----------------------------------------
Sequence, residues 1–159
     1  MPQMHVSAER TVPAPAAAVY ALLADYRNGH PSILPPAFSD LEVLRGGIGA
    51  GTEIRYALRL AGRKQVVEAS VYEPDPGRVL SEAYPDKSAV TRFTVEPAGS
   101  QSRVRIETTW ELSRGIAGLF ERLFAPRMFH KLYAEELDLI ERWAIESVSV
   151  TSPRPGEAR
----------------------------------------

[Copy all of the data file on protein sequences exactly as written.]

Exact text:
Sequence, residues 1–159
     1  MPQMHVSAER TVPAPAAAVY ALLADYRNGH PSILPPAFSD LEVLRGGIGA
    51  GTEIRYALRL AGRKQVVEAS VYEPDPGRVL SEAYPDKSAV TRFTVEPAGS
   101  QSRVRIETTW ELSRGIAGLF ERLFAPRMFH KLYAEELDLI ERWAIESVSV
   151  TSPRPGEAR